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Mark your calendars, pipsters, because you just witnessed a historical event! Early yesterday morning, China posted its first quarterly deficit in seven years! SEVEN YEARS!!!

China recorded a 1.02 billion USD deficit in the first quarter of 2011, which is a far cry from the 13.9 billion USD surplus we saw 12 months ago. Digging into the details of the trade balance report, we’ll see that imports, rather than exports, was what bogged down China’s trade balance.

The combination of rising commodity prices and domestic appetite for imported goods did quite a number on China’s trade balance last quarter. Quarterly imports surged 32.6% year-on-year while exports played catch-up with its own respectable growth of 26.5%.

Should we be worried?

Given the sheer size of its economy, the fact that China posted a trade deficit may be enough to send chills through investors. But if you take a moment to sit on your thinking-chair, don your thinking-glasses, and go through the nitty-gritty details of the report, you’ll see there isn’t actually much reason for us to be worried.

“What?? China posted a trade deficit and you say we shouldn’t worry?? I think Forex Gump has finally lost his marbles!”

No, despite what Pipcrawler would like you to believe, I haven’t gone mad! My point is, with imports outpacing exports, it can be argued that China is finally rebalancing itself. This basically means that the economic giant might be in the process of becoming less reliant on exports, and that domestic demand is beginning to pick up steam!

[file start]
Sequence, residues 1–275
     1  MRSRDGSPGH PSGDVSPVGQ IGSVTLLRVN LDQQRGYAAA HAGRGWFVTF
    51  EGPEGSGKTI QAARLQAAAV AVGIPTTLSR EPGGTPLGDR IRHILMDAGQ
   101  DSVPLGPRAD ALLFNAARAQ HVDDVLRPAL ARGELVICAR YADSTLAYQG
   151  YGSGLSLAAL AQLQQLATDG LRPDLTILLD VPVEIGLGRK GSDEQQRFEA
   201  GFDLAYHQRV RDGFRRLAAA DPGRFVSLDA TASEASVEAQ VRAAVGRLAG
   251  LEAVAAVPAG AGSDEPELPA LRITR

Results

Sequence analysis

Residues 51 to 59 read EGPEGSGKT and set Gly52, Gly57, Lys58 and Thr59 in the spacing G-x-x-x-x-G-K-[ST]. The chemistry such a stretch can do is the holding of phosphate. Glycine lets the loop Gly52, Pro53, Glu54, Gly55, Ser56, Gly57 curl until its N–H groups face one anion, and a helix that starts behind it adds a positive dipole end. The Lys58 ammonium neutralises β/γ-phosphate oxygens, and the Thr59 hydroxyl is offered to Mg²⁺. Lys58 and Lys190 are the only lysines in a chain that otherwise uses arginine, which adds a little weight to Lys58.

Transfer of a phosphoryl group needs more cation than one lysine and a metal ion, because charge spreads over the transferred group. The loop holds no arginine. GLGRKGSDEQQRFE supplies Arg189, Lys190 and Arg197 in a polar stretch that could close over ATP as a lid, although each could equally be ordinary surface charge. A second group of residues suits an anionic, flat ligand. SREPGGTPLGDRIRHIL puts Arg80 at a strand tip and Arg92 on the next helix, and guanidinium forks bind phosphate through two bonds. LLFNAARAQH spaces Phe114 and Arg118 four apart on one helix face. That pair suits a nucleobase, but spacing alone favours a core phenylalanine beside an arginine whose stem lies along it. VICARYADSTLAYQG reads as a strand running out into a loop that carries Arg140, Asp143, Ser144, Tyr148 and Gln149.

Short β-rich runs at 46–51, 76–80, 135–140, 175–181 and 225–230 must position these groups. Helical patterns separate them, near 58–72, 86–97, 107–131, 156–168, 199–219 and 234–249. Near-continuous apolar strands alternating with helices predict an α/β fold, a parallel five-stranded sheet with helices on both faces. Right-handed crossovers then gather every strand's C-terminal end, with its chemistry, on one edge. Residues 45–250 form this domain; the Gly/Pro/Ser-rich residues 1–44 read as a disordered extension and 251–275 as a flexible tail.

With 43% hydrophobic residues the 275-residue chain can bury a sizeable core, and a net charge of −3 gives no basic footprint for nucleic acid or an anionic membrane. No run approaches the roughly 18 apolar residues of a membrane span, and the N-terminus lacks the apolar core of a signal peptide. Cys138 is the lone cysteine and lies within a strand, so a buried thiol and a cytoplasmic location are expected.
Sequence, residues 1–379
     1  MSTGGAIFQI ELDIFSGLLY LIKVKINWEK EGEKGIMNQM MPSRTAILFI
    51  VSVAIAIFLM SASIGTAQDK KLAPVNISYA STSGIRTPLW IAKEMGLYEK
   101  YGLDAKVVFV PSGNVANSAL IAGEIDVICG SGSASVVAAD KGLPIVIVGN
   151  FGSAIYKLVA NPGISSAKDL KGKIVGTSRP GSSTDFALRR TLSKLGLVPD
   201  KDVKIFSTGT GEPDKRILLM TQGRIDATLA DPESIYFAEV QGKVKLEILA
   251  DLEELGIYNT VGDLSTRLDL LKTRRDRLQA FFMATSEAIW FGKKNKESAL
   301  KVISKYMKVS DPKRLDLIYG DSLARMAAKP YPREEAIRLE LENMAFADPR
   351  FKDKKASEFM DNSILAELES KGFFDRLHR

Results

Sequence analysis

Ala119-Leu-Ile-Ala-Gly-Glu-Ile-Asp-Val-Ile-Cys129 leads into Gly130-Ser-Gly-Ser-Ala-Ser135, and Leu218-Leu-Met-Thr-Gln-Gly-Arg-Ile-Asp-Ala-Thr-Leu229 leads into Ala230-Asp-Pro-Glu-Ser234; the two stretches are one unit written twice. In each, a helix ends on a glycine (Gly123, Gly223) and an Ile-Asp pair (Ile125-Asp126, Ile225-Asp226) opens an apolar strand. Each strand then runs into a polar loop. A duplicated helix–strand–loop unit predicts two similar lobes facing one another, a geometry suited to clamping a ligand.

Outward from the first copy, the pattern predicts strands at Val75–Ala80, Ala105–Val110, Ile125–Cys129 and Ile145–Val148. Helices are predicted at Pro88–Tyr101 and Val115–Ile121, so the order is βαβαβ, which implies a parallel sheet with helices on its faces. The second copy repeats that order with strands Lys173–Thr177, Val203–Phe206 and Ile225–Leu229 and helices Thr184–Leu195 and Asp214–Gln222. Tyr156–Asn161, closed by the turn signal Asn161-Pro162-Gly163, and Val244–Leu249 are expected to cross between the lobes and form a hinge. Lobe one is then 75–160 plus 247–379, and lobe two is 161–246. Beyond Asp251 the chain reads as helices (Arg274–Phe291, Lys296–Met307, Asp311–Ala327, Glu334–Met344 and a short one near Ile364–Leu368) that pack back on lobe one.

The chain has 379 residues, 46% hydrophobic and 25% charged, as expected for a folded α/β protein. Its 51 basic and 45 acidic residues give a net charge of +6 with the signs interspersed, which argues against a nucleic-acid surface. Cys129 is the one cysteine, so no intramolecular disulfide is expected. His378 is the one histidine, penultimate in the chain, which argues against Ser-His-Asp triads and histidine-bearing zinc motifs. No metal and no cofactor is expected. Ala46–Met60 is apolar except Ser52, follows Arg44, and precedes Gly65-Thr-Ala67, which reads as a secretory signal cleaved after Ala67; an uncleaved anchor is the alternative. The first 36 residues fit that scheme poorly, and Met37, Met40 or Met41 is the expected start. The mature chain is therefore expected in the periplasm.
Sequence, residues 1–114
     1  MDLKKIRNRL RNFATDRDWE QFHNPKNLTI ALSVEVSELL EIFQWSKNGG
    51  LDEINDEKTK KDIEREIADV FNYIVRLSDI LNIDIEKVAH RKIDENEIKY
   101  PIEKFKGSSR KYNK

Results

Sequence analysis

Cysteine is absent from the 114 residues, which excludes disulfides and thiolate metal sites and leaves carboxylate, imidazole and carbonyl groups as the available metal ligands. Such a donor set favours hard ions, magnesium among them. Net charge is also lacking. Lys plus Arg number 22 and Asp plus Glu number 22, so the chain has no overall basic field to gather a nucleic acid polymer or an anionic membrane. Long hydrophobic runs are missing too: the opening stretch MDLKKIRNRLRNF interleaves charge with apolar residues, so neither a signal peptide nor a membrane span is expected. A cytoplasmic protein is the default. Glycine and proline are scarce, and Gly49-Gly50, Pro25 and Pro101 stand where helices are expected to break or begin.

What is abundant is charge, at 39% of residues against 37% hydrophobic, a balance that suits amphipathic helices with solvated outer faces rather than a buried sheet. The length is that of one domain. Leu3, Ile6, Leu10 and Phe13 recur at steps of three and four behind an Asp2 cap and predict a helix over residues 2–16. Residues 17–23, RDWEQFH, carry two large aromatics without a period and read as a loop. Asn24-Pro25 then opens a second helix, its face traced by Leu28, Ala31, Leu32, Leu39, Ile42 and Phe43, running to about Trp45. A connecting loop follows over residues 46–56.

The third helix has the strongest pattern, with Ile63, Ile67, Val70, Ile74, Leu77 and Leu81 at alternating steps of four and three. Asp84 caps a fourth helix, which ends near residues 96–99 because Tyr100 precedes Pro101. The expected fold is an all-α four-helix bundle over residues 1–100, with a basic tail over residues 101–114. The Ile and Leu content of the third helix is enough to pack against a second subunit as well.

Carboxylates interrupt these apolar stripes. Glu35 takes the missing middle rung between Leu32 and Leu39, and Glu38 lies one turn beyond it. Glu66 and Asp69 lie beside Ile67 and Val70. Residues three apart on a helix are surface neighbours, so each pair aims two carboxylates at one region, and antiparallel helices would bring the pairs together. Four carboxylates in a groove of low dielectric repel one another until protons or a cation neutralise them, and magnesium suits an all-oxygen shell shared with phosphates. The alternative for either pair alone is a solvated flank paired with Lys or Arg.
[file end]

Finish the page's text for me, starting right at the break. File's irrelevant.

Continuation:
Interest rate cut

Also, word on the street is that this deficit might actually be the result of the holiday season. Recall that in February, a few Chinese companies suspended factory operations and shipments for at least a week in celebration of the Lunar New Year.

And then, of course, there’s the possibility that China is timing the report for this week’s G20 and IMF meetings. Unless you’ve been living in Narnia for the past couple of years, you should know that China is in hot water for not allowing the yuan to appreciate at a pace acceptable to its major trade partners, which effectively makes China’s exports cheaper. Now I’m not one to point fingers, but given China’s record for posting a couple of red figures right before a big economic meeting, I won’t be surprised if they use the trade deficit to argue for a weak yuan!

Whether the trade deficit is part of a grand scheme to weaken the yuan or just a product of seasonality though, I’m sure that over the next couple of weeks, traders will watch China closely for any further signs of weakness. After all, if the world’s second-largest economy sneezes, its trade partners (basically the rest of the world) are sure to catch colds!